• US banks face tighter scrutiny of cyber defenses: According to the Financial Times, “Several senior regulators have told the Financial Times that they are working on a cross-agency approach to testing banks against attacks that could crash global payments networks, expose customer data or otherwise threaten the integrity of an industry that now relies far more on terabytes and interchanges than bricks and mortar. The proposed system, which regulators say could be in place later this year, would replace an existing regime in which different regulators examine different parts of the same institution. This has left banks grappling with multiple requests and regulators at risk of not grasping the totality of a banks’ exposure to cyber threats.”

Cybersecurity Reports and Surveys Roundup

We’ve rounded up a few of the best cybersecurity reports and surveys released last week:

  • Businesses and Charities Experiencing More Cybersecurity Breaches: Reported in Security Magazine, “Thirty-two percent of businesses and 22 percent of charities are experiencing more cybersecurity attacks, the 2019 Cyber Security Breaches Survey says. The average annual cost for business that lost data or assets after breaches was more than $5,000 and more than $12,000 for charities.”
  • Cybersecurity Accountability Spread Thin in the C-Suite: Reported in Dark Reading, “A report released [last] week by Radware shows promising signs that cybersecurity is increasingly coming up in board talks and is near-universally viewed as the entire C-suite's responsibility to enable. Conducted among 260 C-suite executives worldwide, the study shows that more than 70% of organizations touch on cybersecurity as a discussion item at every board meeting. Meantime, 98% of all members across the C-suite say they have some management responsibility for cybersecurity.”
  • Cyber Crime Widely Underreported Says ISACA 2019 Annual Report on Cyber Security Trends: Reported in CPO Magazine, “The headliner of the most recent part of the cyber security trends report is the underreporting of cyber crime around the globe, which appears to have become normalized. About half of the respondents indicated that they feel that most enterprises do not report all of the cyber crime that they experience, including incidents that they are legally obligated to disclose.”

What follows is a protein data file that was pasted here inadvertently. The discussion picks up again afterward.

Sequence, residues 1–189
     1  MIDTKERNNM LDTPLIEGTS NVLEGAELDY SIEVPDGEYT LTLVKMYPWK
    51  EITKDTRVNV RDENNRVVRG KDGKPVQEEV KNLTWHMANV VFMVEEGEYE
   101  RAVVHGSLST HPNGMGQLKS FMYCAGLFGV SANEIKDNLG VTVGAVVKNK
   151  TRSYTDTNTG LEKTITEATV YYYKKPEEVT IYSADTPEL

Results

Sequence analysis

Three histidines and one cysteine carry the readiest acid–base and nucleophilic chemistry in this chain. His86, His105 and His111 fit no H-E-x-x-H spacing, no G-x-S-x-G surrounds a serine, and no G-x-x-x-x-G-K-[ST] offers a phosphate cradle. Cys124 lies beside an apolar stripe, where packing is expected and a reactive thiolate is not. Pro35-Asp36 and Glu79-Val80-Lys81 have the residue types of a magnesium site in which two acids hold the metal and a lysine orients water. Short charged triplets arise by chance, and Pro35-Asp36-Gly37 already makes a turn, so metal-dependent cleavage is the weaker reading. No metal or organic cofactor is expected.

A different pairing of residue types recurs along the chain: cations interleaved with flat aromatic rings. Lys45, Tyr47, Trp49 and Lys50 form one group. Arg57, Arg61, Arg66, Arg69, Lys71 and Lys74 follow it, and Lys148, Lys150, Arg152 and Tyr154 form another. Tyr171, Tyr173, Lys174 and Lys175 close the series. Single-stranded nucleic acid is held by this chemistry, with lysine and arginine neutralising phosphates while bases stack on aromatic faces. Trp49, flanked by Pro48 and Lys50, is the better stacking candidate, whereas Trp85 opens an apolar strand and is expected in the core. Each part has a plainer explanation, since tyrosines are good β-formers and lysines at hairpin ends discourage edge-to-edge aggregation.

• Cybersecurity Risks Are Threatening Deals, Industry Survey Shows: Reported in Bloomberg, “Of more than 2,700 information technology and business decision makers surveyed by Forescout Technologies Inc. in seven countries, 53% reported that their organization had encountered a critical cybersecurity issue or incident that put an M&A deal in jeopardy. And 65% of respondents said they had experienced buyers’ remorse because of cybersecurity concerns after closing a deal.”
  • Cybersecurity, Data Privacy Top Concerns for Enterprises: Reported in Security Magazine, “Data security and privacy breaches have become a daily worry for most organizations and research shows that most organizations have poor cybersecurity defenses and abundant amounts of unprotected data, making them easy targets for attacks and data loss. But, only two thirds of organizations are managing policies and conducting training in cyber security, data privacy and confidential information, likely due to flat budgets. Additionally, many organizations believe their board members are not a source of risk for cybersecurity issues and that they understand the problem well enough to avoid missteps.”
  • As cloud complexities increase, cybersecurity skills gap worsens: Reported in TechTarget, “When asked to rank their concerns when switching or adopting cloud structure, 81% of respondents identified security as No. 1. Growing cloud complexities will not make security challenges easier. The study, conducted by the Cloud Security Alliance along with network security provider AlgoSec, found common security challenges with regard to native, hybrid and multi-cloud architectures.”
  • Research finds only 15% of companies are adequately prepared for a cyber attack: According to a press release, “Among the 175 security management professionals interviewed, the survey concluded that despite cyberattacks being recognized as a real and incumbent danger by most companies (87% prioritized it as a risk), only a few felt that they had adequate defenses (15%).”

Accenture Acquires Deja vu Security, Seattle-Based ‘Security of Things’ Company

According to a press release, Accenture announced last Monday the acquisition of Deja vu Security, a privately held company that specializes in security design and testing of enterprise software platforms and internet of things (IoT) technologies. The Seattle-area company has become part of Accenture Security’s Cyber Defense offerings. Financial terms of the agreement were not disclosed. Serving some of the world’s largest technology companies, Deja vu Security provides a full range of security services designed to strengthen business applications and increase cyber resilience by integrating security throughout the product development lifecycle.